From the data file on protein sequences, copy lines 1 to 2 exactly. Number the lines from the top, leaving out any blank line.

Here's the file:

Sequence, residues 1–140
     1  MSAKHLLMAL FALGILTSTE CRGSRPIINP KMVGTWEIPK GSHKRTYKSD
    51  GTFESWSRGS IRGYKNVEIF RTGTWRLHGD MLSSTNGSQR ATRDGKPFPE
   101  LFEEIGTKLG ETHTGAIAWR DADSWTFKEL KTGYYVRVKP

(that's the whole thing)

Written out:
Sequence, residues 1–140
     1  MSAKHLLMAL FALGILTSTE CRGSRPIINP KMVGTWEIPK GSHKRTYKSD